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dc.contributor.authorLoh, Francis 14:10:17 (GMT) 14:10:17 (GMT)
dc.description.abstractOne area of vehicle handling performance that has been the focus of an OEM{'}s (Original Equipment Manufacturer) engineering effort is within the realm of vehicle straight-line performance. As the name implies, straight-line performance is determinant on the vehicle{'}s tendency to resist vehicle lateral drift when being driven straight. Vehicle lateral drift is a condition where the driver must apply a constant correctional torque to the steering wheel in order to maintain a straight line course. A full vehicle model was developed to simulate the influences of suspension parameters on vehicle drift. Adams 2010 was chosen as the multi-body dynamics (MBD) software for this research for its ability to develop a full vehicle high fidelity model without the need for physical test data. The model was created from standard Adams/Car suspension templates modified to accommodate the subject vehicle. The front suspension sub-assembly model was built upon the front MacPherson strut suspension template. Likewise, the rear suspension sub-assembly model was created from the rear multi-link suspension template. The tire model used in the full vehicle model was based on the Pacejka 2002 formulation. A model of a similar tire was generated using a custom spreadsheet based on the PAC2002, a slightly modified version of the Pacejka 2002 formulation found within Adams/Car. A virtual tire test rig and a 6/7-DoF model were created to understand and verify the behaviour of the generated tire models. The virtual tire test rig was used to compare the outputs of the PAC2002 tire model to the calculated values from a custom tire property spreadsheet. The 6/7-DoF model was used to test and verify the effect of the tire{’}s residual lateral forces. The full-vehicle model was verified using the parallel wheel travel and opposite wheel travel suspension analyses. The parallel wheel travel analysis was used to tease out binding issues within the designed travel of the suspension. The opposite wheel travel analysis was used similarly for anti-roll bar systems. Simulations based on the industry standard vehicle drift tests were run to understand the effect of certain vehicle suspension geometry on vehicle drift, namely the vehicle{’}s front and rear camber and toe angles. The full-vehicle model was also subjected to straight-line performance simulations with various road bank or crown angles. The results were compared with industry-standard vehicle drift test data gathered by the OEM on their own test track. The results indicate that the direction of vehicle pull matches with the OEM test data, but the magnitudes differ in both the positively and negatively banked road simulation results. It is likely that the difference in vehicle drift is due to the lack of steering data obtained for the full-vehicle model.en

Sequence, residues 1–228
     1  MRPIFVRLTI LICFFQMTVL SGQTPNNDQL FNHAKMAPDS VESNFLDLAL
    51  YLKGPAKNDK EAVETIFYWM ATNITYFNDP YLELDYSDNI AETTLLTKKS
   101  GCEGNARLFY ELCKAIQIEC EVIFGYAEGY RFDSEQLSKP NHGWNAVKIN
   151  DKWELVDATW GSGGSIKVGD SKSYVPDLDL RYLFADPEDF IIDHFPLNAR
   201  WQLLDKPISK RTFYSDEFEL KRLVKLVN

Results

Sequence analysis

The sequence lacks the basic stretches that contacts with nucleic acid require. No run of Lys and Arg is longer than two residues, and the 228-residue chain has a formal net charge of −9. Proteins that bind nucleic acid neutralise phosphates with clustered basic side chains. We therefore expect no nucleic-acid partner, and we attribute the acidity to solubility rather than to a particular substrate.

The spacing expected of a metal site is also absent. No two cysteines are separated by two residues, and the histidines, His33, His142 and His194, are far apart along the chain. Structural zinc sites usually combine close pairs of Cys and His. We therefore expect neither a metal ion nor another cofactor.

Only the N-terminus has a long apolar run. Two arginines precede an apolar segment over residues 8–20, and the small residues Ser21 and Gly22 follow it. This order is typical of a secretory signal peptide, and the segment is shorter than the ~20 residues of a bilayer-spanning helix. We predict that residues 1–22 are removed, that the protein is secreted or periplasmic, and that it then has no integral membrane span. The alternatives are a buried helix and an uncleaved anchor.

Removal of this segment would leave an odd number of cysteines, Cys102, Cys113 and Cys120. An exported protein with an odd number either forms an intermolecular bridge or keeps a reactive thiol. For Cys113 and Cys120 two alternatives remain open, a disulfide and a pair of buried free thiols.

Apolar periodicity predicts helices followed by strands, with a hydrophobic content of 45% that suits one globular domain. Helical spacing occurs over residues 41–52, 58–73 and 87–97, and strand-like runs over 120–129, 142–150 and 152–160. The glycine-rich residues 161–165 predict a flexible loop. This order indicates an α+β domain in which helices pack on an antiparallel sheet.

dc.publisherUniversity of Waterlooen
dc.subjectVehicle driften
dc.titleMulti-Body Vehicle Dynamics Modeling for Drift Analysisen
dc.typeMaster Thesisen
dc.subject.programSystem Design Engineeringen Design Engineeringen
uws-etd.degreeMaster of Applied Scienceen

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